# Extensions of $\sigma:\mathbb{Q}(\xi)\rightarrow\mathbb{Q}(\xi), \ \sigma(\xi)=\xi^{2}$ to $\mathbb{Q}(\xi)(\sqrt[3]{2})$

Let $L$ be the splitting field of $T^{3}-2$ and let $\sigma:\mathbb{Q}\left(\xi\right)\rightarrow\mathbb{Q}\left(\xi\right)$ be a morphism defined by $\sigma\left(\xi\right)=\xi^{2}$. Find all extensions

• $\hat{\sigma}:L\rightarrow L$ of $\sigma$

• $\hat{\sigma}:L\rightarrow\mathbb{Q}\left(\xi\right)$ of $\sigma$.

Could you please check, if I did this right ? Please answer quickly, since I have an exam in couple of hours, where these things are bound to come!

Proof-Sketch: We have $L=\mathbb{Q}\left(\xi\right)\left(\sqrt[3]{2}\right)$.

First case: The possible extensions $\mathbb{Q}\left(\xi\right)\left(\sqrt[3]{2}\right)\rightarrow L$ of $\sigma$ are given by the roots $\xi,\xi^{2}\sqrt[3]{2},\sqrt[3]{2}$ in $L$ of the minimal polynomial $T^{3}-2$ of $\sqrt[3]{2}$ over $\mathbb{Q}\left(\xi\right)$ [this is the minimal polynomial since it is normed and annihilates $\sqrt[3]{2}$, so its degree is $\leq3$, $\sqrt[3]{2}\not\in\mathbb{Q}\left(\xi\right)$, so its degree is $\geq2$ - but how can I show that it cannot have degree $=2$ ??]: \begin{eqnarray*} & \hat{\sigma_{1}}:\xi\mapsto\xi^{2},\ \sqrt[3]{2}\mapsto\xi\\ & \hat{\sigma_{2}}:\xi\mapsto\xi^{2},\ \sqrt[3]{2}\mapsto\xi^{2}\sqrt[3]{2}\\ & \hat{\sigma_{3}}:\xi\mapsto\xi^{2},\ \sqrt[3]{2}\mapsto\sqrt[3]{2}. \end{eqnarray*} Second case: This time the minimal polynomial has only the root $\xi$ in $\mathbb{Q}\left(\xi\right)$, so the only possible extension $L\rightarrow\mathbb{Q}\left(\xi\right)$ is \begin{eqnarray*} & \hat{\sigma_{1}}:\xi\mapsto\xi^{2},\ \sqrt[3]{2}\mapsto\xi,\ \end{eqnarray*}

-
What is $\xi\;$? I presume its a primitive third root of unity? In which case there can't be a homomorphism from $L$ to $\mathbb Q(\xi)$. – JSchlather Jan 31 '13 at 7:51

($\xi$ is a primitive third root of 1.)

There is a misprint in the first case, the three roots of $T^3 - 2$ are $\sqrt[3]{2}, \xi \sqrt[3]{2}, \xi^2 \sqrt[3]{2}$. (I believe your incorrect list has had an effect on your solution in the second case, see below.)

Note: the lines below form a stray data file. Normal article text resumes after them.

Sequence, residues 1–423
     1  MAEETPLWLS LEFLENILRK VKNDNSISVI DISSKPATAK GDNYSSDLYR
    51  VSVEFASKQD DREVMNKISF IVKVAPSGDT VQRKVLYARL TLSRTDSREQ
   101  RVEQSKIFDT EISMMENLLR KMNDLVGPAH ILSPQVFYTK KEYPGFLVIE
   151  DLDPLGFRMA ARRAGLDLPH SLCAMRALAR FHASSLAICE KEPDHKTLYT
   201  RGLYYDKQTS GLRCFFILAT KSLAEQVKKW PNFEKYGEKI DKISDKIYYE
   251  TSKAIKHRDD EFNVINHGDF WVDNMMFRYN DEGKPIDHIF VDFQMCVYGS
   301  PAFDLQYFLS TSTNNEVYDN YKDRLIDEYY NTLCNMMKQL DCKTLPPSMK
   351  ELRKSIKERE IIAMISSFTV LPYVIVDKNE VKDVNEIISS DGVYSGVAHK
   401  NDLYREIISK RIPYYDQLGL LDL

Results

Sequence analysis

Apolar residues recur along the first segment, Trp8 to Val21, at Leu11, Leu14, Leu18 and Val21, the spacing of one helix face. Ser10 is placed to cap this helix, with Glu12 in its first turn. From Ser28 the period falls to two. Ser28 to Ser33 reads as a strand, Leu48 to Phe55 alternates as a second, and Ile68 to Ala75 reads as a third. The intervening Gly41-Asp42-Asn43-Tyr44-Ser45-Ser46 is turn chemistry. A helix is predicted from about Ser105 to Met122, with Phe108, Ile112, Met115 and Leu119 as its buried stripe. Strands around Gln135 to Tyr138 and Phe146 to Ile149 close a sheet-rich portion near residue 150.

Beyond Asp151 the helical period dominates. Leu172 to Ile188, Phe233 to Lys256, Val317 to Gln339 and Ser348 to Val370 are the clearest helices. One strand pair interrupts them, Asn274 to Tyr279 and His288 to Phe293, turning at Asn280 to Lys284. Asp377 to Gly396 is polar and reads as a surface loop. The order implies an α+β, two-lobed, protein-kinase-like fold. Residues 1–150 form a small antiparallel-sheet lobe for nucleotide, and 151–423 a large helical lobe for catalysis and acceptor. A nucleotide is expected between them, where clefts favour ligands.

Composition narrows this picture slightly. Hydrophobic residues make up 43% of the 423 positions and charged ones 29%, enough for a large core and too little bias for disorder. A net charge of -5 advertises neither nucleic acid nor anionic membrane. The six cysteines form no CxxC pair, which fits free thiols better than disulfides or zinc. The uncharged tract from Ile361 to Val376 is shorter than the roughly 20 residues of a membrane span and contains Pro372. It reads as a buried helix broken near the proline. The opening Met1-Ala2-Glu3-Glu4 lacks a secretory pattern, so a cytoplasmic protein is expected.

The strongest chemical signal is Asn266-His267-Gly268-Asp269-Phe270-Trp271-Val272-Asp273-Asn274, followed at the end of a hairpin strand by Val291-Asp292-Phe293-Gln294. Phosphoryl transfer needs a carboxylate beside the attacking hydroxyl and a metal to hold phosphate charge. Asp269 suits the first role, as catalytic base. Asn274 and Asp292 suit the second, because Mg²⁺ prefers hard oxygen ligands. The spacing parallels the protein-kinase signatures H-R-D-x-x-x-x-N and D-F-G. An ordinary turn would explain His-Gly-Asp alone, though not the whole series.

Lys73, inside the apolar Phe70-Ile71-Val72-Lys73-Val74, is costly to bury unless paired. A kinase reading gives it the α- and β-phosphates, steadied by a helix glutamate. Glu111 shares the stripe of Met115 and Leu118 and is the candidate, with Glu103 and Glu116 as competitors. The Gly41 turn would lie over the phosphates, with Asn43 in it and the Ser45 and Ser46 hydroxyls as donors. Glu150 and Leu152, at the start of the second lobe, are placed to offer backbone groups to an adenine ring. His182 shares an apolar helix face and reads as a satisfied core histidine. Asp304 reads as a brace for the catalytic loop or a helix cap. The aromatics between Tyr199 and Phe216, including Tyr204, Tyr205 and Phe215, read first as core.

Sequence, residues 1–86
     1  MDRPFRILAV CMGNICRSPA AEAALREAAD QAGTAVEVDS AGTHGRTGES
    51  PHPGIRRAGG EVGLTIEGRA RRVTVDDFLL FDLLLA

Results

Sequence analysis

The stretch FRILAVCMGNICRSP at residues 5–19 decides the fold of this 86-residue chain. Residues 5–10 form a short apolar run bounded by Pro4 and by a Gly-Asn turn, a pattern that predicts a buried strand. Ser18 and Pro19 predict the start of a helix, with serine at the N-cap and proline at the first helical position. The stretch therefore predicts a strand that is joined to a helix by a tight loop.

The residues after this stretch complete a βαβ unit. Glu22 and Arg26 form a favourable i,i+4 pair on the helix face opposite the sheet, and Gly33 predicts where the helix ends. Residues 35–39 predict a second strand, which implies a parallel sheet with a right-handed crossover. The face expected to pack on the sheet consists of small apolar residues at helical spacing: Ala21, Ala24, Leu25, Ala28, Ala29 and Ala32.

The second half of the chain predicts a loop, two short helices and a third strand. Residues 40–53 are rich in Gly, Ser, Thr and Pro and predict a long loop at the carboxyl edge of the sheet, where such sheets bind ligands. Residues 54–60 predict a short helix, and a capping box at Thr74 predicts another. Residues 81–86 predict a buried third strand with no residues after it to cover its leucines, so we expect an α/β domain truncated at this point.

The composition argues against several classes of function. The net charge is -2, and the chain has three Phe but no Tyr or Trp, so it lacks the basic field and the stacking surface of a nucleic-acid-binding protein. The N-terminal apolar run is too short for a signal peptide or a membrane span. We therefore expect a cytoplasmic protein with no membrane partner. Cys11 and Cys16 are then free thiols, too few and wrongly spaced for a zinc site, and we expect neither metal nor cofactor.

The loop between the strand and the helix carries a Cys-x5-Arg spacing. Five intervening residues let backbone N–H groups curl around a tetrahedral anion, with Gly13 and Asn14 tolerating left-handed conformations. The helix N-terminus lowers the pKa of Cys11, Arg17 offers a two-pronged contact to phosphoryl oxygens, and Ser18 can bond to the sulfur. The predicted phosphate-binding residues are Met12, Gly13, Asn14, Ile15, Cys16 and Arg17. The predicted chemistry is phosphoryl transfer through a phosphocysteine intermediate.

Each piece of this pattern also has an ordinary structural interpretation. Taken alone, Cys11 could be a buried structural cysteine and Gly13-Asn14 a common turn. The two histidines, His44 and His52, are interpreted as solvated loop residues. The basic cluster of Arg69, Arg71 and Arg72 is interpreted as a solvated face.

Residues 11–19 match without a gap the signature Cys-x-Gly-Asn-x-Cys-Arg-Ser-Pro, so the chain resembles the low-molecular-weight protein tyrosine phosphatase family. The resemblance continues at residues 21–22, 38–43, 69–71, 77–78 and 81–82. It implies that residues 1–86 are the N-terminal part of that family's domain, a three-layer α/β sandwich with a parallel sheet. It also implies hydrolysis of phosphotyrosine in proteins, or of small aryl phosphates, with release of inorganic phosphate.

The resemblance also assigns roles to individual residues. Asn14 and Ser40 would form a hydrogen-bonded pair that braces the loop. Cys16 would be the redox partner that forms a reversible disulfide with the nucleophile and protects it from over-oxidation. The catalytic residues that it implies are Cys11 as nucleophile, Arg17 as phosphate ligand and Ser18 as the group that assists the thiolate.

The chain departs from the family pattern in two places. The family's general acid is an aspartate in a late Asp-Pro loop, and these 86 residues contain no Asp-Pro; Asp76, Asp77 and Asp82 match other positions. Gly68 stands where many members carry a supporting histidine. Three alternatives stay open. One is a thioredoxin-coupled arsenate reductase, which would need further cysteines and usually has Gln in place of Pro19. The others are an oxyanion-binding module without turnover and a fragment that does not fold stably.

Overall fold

To prove $T^3 - 2$ is indeed the minimal polynomial of $\sqrt[3]{2}$ over $\mathbb{Q}$, you can show that $T^3 - 2$ is irreducible in $\mathbb{Q}[x]$. Now for polynomials of degree 2 and 3, irreducibility in $F[x]$, where $F$ is a field, is equivalent to the polynomial having no roots in $F$. (This criterion fails for degree 4 and higher, see for instance $(T^2 + 1)^2 \in \mathbb{Q}[x]$.)

In the second case, $\sqrt[3]{2}$ should be mapped onto another root of $T^3 - 2$, and there are none in $\mathbb{Q}(\xi)$, a quadratic extension of $\mathbb{Q}$, so no $\hat{\sigma}$ here.

-
Irreducibility over the rationals is proved, as I said above, by proving it has no rational roots. To prove irreducibility over $\mathbb {Q} (\xi)$, argue indirectly. $T^2 + T + 1$ is clearly irreducible (no roots) in $\mathbb {Q} (\sqrt[3]{2})[x]$, so the extension $\mathbb {Q} (\sqrt[3]{2},\xi)$ has degree 6 over the rationals. Now see this extension as an extension of $\mathbb {Q} (\xi)$ by adding $\sqrt[3]{2}$. – Andreas Caranti Jan 31 '13 at 8:42
Or, more simply, since there are no roots of the polynomial $T^3 - 2$ of degree 3 in $\mathbb{Q}(\xi)$, the polynomial is irreducible in $\mathbb{Q}(\xi)[x]$. – Andreas Caranti Jan 31 '13 at 8:58